Drug Use And Attention Deficit Hyperactivity Disorder ( Adhd )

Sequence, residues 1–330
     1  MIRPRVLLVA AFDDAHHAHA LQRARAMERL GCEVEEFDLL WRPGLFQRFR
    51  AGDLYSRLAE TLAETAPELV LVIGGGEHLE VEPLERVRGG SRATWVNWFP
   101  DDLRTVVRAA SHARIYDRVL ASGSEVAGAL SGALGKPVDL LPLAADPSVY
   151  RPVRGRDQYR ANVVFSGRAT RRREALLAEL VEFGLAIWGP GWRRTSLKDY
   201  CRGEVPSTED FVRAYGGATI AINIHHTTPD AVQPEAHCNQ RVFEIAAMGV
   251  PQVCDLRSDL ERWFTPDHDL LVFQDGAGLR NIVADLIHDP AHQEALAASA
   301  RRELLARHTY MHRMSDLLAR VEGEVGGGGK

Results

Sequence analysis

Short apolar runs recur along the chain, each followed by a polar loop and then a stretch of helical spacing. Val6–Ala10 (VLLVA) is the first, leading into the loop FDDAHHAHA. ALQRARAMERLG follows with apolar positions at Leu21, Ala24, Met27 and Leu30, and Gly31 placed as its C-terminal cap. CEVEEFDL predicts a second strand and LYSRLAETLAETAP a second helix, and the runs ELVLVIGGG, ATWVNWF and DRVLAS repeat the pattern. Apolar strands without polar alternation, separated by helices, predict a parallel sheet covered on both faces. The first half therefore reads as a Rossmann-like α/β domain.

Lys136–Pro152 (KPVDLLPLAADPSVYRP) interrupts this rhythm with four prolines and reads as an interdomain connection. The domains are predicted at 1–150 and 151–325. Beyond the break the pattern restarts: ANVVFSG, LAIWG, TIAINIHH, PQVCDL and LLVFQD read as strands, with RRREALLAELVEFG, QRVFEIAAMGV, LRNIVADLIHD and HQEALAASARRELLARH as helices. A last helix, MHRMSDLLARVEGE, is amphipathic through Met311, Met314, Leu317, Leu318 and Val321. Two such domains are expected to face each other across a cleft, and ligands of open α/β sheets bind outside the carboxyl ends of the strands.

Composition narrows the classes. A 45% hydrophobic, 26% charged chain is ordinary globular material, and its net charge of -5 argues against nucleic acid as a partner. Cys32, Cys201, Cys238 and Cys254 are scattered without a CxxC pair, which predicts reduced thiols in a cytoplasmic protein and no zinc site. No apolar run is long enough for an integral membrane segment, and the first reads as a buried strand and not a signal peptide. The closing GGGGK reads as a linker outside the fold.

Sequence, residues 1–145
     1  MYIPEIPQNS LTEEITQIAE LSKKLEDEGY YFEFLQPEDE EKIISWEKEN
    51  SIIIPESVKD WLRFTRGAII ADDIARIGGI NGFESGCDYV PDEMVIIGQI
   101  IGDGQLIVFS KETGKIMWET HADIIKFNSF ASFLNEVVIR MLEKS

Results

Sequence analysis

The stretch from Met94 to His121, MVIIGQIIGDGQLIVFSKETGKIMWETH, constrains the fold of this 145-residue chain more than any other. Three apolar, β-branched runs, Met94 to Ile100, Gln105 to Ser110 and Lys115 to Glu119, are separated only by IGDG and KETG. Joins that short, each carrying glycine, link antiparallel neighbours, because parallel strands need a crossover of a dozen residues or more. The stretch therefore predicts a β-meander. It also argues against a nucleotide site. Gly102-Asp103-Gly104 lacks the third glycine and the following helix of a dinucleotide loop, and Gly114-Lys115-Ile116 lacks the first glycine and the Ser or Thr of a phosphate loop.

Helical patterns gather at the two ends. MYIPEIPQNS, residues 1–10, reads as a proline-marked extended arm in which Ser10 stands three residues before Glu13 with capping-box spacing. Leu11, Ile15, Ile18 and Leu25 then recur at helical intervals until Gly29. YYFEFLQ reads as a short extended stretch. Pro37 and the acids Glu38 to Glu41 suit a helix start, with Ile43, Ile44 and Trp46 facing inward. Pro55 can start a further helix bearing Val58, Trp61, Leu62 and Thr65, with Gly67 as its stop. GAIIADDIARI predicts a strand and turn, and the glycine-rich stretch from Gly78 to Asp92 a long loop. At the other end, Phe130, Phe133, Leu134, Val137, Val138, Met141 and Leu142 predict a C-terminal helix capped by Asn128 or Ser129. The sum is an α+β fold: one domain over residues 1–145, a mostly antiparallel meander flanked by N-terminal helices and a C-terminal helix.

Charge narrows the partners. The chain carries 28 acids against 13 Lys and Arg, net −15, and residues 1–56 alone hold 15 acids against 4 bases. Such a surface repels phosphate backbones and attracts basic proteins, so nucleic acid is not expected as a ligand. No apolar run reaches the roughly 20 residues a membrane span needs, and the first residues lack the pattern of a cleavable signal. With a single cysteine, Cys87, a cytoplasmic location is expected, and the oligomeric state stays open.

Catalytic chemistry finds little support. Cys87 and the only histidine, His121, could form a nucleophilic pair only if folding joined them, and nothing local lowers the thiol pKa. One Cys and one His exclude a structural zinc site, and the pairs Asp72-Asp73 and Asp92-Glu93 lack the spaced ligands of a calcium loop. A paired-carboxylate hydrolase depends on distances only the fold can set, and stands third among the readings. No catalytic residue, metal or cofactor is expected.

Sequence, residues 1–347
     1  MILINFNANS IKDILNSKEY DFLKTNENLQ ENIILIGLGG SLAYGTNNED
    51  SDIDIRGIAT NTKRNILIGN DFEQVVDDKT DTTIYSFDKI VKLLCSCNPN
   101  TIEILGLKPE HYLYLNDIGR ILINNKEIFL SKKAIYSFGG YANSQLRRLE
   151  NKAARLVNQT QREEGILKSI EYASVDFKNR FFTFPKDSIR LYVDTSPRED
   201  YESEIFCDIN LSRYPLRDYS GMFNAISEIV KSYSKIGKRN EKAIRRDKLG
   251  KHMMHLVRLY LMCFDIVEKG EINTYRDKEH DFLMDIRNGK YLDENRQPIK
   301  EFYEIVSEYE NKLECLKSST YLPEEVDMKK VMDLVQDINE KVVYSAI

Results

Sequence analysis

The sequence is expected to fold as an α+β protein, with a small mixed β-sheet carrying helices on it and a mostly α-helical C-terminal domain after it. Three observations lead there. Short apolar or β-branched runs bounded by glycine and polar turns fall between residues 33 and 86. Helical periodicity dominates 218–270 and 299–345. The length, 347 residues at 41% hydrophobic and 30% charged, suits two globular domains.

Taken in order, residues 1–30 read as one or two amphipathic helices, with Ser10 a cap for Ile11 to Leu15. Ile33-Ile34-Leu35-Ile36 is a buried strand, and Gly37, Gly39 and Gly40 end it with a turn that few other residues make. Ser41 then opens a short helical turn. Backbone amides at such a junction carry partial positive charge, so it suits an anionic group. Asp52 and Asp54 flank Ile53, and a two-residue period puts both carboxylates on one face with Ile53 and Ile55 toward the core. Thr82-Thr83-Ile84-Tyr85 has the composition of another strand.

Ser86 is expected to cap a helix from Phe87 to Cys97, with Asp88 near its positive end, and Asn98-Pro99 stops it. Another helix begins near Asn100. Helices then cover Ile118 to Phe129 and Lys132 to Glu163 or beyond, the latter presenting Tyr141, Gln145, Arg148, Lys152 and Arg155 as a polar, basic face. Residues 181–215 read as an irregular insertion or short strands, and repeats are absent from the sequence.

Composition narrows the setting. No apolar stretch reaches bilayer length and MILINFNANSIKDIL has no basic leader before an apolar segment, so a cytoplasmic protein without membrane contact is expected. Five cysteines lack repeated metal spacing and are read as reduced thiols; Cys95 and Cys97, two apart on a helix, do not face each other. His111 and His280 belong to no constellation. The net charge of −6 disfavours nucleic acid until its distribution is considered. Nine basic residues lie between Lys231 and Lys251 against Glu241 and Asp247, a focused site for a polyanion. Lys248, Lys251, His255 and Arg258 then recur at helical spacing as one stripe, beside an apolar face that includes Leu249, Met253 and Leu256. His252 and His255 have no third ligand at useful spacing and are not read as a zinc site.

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Ritalin is a prescription drug used primarily in the treatment of behavioural problems in children such as Attention deficit disorder (ADD) and Attention deficit hyperactivity disorder (ADHD) (National Drug Intelligence Centre 2006). It is estimated that 11 percent of Australians between the ages of 6 to 17 are affected by ADD or ADHD and the amount of Ritalin being prescribed has doubled in the last 10 years ( Schriever 2012). The brand name for Ritalin is methylphenidate, a drug that stimulates the central nervous system. Its primary use is to stimulate the brain and improve concentration, therefore helping the child control impulsive behaviour and overactivity (Royal Children’s Hospital Melbourne 2010). When a child is taken to see a doctor for behavioural problems the General Practitioner will refer these children to a child phycologist or paediatrician. They are then examined and asked a series of questions which inevitably leads to being diagnosed with ADD or ADHD and leaving with a prescription for Ritalin (G Bell 2014). This medication has been known to cause adverse side effects in many children. There is also the problem of misdiagnosing the child’s condition and with the view that alternative treatments are available, Ritalin should not be used as a first solution in the treatment of behavioural problems in children. Ritalin should not be used as a first option due to the ongoing side effects that some children suffer from taking this medication. There are
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